Patrick Blanc is a French botanist who loves plants so much he’s dyed his hair green. (It’s either that or he naturally photosynthesizes). Since the late 1960s, Blanc has pursued his life passion of building vertical gardens: His own abode is one unbelievable hanging jungle with moss-fuzzed walls, vine-shrouded windows, and a tropical lake stocked with aquatic plants and fish.
The plantman has worked with many architects over the decades to grow sustainable green walls. His latest project, however, might be his career’s masterwork. It’s a 545-foot-tall waterfall of flowering vegetation running down the facade of One Central Park, a major mixed-use development under construction in Sydney. The leaf-sprouting skyrise, scheduled to open next year, features hundreds of species of native and exotic plants overflowing from planters lodged between floors. The effect is like peering eons into a dystopian future, when biblical deluges and thick concentrations of C02 have helped plantlife smother many of civilization’s urban outposts.
To gather inspiration for this verdant wonder, Blanc scouted out the forests and bushlands of Australia, poking at giant eucalypts and expressing wonderment at aquatic thrombolites. Those would be “clotted accretionary structures” made of cyanobacteria and binding mucus that thrive in western Australia’s Lake Clifton, should you ever want to pay them a visit. Now he’s in the process of weaving weeping shrubs and parasitic vines into a living cloak for One Central Park, which when completed will be 50 percent covered in green things and also the highest vertical garden in existence, according to Dezeen.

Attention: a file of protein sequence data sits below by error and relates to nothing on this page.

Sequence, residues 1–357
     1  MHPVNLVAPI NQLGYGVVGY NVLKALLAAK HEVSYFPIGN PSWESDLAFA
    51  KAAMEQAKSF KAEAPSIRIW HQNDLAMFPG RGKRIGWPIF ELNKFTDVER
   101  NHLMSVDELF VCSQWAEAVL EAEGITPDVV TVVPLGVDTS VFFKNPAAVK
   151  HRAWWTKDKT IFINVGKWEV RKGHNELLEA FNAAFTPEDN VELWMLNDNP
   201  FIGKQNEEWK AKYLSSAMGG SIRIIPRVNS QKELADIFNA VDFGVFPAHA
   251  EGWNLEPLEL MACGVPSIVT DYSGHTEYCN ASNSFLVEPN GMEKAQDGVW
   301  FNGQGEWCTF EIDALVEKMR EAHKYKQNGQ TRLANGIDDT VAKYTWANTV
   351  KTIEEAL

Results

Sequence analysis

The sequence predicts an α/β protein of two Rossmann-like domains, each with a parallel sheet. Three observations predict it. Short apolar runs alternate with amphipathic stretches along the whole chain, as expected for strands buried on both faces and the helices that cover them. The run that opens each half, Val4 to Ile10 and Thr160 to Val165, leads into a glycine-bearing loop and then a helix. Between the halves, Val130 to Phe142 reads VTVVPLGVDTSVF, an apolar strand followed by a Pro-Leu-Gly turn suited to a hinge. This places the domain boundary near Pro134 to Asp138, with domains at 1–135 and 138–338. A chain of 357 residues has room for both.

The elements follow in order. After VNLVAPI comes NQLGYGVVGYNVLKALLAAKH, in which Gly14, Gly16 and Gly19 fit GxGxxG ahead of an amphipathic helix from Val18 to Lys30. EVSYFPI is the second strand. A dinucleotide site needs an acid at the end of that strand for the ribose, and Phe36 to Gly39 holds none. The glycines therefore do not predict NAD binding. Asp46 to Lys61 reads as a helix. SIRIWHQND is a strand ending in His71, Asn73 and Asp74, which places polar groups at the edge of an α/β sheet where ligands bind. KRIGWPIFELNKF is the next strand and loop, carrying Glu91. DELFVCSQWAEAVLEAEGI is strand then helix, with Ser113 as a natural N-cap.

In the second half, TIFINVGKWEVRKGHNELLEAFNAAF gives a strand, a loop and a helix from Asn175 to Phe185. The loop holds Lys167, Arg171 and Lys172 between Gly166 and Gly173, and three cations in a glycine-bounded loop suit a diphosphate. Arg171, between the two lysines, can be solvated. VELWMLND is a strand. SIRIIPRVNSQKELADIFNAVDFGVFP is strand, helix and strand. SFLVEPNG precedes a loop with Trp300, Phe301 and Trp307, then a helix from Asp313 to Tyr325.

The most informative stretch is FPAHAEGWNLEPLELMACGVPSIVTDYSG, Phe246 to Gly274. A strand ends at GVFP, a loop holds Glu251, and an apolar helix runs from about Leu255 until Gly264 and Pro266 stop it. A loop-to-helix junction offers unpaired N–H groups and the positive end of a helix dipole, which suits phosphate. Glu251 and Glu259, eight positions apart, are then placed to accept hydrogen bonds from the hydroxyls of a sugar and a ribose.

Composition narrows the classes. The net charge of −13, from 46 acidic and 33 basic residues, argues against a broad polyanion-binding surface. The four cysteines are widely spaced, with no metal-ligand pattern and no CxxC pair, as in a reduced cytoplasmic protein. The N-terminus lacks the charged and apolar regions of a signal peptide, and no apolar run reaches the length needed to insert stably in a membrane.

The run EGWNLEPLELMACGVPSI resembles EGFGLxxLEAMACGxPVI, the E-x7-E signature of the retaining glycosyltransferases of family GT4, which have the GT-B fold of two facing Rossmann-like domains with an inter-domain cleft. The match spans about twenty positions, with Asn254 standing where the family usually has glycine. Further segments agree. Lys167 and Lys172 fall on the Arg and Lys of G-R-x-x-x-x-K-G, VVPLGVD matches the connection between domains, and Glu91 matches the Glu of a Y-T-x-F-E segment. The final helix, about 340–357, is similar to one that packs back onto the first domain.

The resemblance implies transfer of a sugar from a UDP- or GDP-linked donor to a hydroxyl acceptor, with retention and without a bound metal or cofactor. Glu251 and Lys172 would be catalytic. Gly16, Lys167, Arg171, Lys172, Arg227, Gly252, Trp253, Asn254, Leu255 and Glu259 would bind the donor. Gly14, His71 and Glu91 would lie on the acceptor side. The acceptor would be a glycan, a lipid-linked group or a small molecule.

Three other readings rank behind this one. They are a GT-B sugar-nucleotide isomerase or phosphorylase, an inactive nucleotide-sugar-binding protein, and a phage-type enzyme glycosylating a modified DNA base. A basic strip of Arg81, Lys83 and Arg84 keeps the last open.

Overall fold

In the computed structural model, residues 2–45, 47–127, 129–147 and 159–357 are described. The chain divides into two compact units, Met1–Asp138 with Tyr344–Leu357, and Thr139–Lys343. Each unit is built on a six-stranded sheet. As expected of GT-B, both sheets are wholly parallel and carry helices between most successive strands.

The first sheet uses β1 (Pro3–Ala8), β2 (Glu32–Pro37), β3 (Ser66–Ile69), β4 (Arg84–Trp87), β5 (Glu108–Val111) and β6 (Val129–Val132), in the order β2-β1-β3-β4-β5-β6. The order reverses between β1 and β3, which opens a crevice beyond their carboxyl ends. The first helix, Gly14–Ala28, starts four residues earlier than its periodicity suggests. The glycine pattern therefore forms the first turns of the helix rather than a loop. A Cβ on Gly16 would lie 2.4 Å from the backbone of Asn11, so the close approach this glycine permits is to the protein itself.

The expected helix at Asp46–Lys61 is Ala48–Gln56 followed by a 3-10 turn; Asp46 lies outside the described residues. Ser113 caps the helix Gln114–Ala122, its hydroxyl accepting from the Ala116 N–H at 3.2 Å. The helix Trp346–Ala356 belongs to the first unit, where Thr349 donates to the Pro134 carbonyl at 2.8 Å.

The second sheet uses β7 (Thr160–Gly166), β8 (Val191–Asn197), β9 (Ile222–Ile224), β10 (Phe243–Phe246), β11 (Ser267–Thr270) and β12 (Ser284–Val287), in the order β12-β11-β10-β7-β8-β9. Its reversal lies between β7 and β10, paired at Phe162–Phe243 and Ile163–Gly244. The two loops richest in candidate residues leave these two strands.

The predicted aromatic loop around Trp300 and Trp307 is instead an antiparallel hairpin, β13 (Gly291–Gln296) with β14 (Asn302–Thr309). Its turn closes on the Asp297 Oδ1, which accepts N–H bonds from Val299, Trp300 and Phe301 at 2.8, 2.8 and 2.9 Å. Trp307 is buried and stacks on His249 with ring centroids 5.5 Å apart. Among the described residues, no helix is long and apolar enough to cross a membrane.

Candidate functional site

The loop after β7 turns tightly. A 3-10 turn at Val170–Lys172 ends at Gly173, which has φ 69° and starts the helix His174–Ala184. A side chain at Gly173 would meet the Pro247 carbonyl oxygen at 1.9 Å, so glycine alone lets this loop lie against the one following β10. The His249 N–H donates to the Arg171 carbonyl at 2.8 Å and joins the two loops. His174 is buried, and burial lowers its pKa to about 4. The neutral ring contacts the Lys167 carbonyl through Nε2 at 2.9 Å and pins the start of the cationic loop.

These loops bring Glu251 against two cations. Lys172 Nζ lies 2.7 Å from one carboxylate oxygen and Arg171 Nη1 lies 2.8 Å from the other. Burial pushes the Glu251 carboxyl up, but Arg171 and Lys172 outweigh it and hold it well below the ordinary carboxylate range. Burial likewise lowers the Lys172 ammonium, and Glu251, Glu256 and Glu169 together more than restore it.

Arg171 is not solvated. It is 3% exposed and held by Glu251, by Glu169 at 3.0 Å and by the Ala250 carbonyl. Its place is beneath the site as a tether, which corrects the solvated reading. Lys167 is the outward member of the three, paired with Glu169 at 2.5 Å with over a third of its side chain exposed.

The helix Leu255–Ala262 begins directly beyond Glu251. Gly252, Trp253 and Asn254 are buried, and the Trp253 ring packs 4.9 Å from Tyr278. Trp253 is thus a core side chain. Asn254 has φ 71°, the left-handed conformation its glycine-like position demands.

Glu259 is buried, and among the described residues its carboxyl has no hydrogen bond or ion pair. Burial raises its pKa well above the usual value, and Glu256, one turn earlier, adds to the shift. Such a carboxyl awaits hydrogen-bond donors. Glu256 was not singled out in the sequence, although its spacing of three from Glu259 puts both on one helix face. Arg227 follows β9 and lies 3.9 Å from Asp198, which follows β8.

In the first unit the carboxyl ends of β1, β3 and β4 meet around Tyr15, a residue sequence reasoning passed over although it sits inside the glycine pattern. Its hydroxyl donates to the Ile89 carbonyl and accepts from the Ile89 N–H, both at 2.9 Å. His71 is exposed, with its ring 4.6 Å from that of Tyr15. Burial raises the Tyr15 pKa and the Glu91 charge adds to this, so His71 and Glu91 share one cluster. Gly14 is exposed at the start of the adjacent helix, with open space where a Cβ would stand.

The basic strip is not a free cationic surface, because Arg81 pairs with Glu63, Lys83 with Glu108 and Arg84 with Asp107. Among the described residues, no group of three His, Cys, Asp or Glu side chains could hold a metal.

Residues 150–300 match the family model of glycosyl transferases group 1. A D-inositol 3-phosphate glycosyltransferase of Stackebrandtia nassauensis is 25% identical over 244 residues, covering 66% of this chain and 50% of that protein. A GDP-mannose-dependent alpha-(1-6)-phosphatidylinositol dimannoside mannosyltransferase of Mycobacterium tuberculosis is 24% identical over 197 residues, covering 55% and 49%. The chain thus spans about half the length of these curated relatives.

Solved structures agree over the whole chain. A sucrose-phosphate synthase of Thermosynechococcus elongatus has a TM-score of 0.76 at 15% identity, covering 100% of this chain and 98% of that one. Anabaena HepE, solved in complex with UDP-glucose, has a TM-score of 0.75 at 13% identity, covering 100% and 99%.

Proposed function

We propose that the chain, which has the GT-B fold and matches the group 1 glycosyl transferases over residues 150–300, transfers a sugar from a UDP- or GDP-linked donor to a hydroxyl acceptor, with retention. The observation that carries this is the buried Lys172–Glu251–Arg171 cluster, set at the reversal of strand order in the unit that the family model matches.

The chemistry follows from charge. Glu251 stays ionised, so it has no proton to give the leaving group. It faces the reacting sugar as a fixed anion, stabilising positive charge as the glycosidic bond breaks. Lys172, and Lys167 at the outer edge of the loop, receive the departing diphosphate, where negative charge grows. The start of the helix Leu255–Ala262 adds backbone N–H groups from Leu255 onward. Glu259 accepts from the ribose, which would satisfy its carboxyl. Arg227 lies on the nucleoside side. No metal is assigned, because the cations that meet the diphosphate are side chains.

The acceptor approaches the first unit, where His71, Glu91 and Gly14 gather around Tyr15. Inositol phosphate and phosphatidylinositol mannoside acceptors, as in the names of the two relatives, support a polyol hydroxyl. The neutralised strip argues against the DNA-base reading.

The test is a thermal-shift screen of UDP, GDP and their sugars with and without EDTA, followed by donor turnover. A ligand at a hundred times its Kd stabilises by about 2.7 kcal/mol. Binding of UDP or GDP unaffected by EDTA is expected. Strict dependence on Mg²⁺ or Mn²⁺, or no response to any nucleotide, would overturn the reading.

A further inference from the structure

The development’s primary architect, Jean Nouvel, is a Pritzker winner (and also a winner for most frustrating website ever) who has designed many striking buildings – the Technicolor tusk that is Barcelona’s Torre Agbar, for instance, and the block-stuffed Musée du quai Branly in Paris. The latter structure also incorporates a green wall that reportedly suffers from frost damage when cold weather rolls by. The Sydney project will probably avoid this issue, as the climate is quite balmy and many of the plants are desert species adapted to extreme temperatures.